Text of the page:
My 5 favorite tricks to make habit changes stick.


My 5 favorite tricks to make habit changes stick.

My 5 favorite tricks to make habit changes stick.

We all have things we want to change about ourselves. We all have bad habits we would like to break and good habits we would like to create.

You will find that I spend a lot of time talking about habits on my blog and there is a great reason for that. Habits have a monumental impact upon our lives and there is no area of our lives that is not deeply effected impacted by them. Experts claim that well over 40 percent of our physical actions are habitual.

In my view the quote on this image resounds with truth. Habits truly are either the best of servants or the worst of masters and  Success in life can be simply a matter of gaining better control over our habitual thoughts and actions. The greater our control over our habits the more successful we can become.

Creating new habits is never easy and we older adults face a bigger challenge than most. Those of us seeking success on the far side of fifty have a literal lifetime of programming to overcome.

For years and years I mistakenly thought that changing habits was strictly a matter of discipline. As a result of this mistaken belief I would regularly beat myself up for my lack of self-control and discipline whenever I failed to stick with a new habit. After years of self-recrimination I learned that ingraining new habits requires smart strategy as will as self-discipline. While discipline is an extremely key ingredient of habit change there are several strategies that; if employed, will dramatically increase the chances of success for those of us who are seeking to make lasting personal change.

Below are my 5 favorite tricks to make habit changes stick.

  1. Make a written commitment.

Studies have shown that you are up to 3 times more likely to follow through on a habit if you write out a plan that states where, when and how you will complete the new behaviour.

I suggest that you create your written commitment to your new habit in the following format; “I commit to completing (fill in the blank) at (time of day) in or at (location).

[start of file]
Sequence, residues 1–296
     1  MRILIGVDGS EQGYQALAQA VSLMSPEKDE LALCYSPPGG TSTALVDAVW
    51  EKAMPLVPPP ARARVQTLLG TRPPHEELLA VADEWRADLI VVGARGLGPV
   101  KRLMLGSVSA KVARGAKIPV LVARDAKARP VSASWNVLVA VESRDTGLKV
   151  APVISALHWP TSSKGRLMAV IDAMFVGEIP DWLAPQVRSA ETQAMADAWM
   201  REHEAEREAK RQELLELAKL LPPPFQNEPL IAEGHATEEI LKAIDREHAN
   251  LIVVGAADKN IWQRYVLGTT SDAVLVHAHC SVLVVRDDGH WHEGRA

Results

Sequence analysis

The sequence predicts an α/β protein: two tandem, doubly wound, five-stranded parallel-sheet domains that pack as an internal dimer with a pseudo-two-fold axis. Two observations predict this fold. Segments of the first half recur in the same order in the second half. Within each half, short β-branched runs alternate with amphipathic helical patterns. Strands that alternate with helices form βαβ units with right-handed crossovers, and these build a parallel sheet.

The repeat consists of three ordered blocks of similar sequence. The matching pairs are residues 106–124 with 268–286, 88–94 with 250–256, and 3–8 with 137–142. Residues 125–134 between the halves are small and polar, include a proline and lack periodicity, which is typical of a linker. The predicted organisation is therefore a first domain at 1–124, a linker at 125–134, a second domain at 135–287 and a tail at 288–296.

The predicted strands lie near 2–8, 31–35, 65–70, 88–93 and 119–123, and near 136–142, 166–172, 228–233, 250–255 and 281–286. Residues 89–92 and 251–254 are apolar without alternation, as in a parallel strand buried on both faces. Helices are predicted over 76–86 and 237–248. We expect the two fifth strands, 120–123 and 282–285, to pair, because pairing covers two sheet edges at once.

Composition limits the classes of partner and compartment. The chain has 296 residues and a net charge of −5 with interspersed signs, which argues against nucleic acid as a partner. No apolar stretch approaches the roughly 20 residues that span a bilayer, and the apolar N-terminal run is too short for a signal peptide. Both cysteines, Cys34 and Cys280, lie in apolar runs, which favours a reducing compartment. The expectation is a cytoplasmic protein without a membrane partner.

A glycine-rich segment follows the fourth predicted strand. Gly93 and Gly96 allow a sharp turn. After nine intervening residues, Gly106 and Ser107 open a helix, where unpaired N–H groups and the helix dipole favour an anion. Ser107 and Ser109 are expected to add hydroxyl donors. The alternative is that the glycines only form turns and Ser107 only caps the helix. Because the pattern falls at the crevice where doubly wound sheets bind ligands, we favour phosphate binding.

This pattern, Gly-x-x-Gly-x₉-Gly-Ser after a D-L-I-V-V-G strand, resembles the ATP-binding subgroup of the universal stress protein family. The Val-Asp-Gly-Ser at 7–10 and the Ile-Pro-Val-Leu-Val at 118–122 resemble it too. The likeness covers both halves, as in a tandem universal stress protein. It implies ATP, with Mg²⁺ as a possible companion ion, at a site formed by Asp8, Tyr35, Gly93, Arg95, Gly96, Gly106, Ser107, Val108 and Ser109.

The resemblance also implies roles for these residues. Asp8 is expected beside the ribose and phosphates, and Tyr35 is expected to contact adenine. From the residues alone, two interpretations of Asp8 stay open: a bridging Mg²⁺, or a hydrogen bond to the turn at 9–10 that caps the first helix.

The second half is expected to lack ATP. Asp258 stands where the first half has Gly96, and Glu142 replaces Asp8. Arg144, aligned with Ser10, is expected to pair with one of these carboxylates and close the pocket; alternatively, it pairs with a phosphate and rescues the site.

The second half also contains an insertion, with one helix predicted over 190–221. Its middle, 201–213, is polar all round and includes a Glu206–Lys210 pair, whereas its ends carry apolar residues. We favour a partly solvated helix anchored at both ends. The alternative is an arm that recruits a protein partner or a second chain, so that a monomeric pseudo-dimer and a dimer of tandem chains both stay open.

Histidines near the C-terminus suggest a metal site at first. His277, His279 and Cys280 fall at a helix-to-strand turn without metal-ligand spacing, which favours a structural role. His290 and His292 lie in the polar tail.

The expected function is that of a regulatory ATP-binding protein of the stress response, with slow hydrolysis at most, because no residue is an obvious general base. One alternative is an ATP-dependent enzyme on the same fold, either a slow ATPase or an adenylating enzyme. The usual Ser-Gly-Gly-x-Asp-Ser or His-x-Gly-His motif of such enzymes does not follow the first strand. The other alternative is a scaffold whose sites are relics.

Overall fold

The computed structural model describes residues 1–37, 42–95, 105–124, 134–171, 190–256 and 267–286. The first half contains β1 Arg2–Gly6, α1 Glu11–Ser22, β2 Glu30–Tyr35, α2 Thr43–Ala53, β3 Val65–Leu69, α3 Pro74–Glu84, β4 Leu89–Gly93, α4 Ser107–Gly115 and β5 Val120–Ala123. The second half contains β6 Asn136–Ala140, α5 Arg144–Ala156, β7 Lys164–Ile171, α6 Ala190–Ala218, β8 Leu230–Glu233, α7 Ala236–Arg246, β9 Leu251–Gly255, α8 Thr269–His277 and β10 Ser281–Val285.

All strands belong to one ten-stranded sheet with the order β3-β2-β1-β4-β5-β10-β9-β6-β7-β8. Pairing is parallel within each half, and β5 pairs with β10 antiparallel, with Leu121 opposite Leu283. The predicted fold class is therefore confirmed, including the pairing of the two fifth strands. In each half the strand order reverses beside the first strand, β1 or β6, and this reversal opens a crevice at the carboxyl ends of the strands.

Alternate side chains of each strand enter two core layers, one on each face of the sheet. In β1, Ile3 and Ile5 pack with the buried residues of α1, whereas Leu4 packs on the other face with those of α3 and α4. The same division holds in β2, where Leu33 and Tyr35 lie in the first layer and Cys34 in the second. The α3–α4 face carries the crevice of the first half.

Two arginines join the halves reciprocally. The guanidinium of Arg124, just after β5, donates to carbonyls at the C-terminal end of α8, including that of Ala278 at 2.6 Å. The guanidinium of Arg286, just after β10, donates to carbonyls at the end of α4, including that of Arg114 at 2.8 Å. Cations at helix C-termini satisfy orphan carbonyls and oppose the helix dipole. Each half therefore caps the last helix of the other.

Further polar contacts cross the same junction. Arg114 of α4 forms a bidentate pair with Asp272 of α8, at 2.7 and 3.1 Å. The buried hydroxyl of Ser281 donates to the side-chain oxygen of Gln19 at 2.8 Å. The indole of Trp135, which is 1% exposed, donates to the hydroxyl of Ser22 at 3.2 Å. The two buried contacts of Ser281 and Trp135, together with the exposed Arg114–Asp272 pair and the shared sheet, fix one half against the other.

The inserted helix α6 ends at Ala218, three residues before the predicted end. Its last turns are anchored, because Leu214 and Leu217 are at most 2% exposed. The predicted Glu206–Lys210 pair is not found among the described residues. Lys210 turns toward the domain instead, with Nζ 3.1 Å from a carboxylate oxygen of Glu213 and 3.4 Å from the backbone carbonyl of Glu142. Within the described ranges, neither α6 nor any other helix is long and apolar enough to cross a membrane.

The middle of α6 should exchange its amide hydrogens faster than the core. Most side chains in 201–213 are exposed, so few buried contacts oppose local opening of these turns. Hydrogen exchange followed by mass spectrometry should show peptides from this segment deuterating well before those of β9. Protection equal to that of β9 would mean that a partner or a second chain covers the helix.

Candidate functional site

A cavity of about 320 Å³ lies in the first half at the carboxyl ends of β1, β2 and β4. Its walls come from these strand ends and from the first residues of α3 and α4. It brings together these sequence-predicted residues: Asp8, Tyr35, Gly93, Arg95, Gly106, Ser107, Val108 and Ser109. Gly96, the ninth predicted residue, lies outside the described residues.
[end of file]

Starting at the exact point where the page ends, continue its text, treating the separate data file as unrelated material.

For example; “I commit to walking for 20 minutes per day. I will walk at 8 am each day at my home.”

Other studies have shown that having sharing your commitment with someone else that will follow-up with you at least weekly will increase your probability of success to around 90%.

  1. Start the habit smaller than you think you should.

To make a habit stick start very small. Make success easier than failure.

If your aim is to build your way up to 100 push ups per day start with 10 push ups and do them religiously.

The definition of a habit is “a regular tendency or practice that is hard to give up”  and starting a tiny habit is far easier than a big one.

  1. Focus on the creation of daily habits.

It is far easier to create a daily habit than to do something two or three times per week. Experts come back to this one time and time again. If your new habit isn’t done at least daily it probably isn’t a even a habit.

Our brains love routine and familiarity.  This deeply ingrained desire for routine is why people spend decades in jobs they hate and in relationships that don’t work. Therefore the more routine and familiar we can make an activity the more likely it is to follow through with it.

You are far more likely to exercise 15 minutes every day that to work out for half hour three times per week, this is even more true if you are working out at the same time, and in the same place.

  1. Focus on the positive aspects of the habit.

It is no big surprise that it is always easier to keep up with an activity that we enjoy. But many people I encounter persist in focussing on the negative side of the new habit they are forming.

I was working out a few weeks ago and observed a new person in the fitness centre. She was running on a treadmill and obviously working hard. In an effort to make small talk I asked how she was doing, to which she replied “I hate working out.”  I knew right then and there that, unless something changed, she had virtually no chance of making her new exercise program stick.

Unfortunately many people attempt new behaviours because they think they need to do them, not because they want to do them.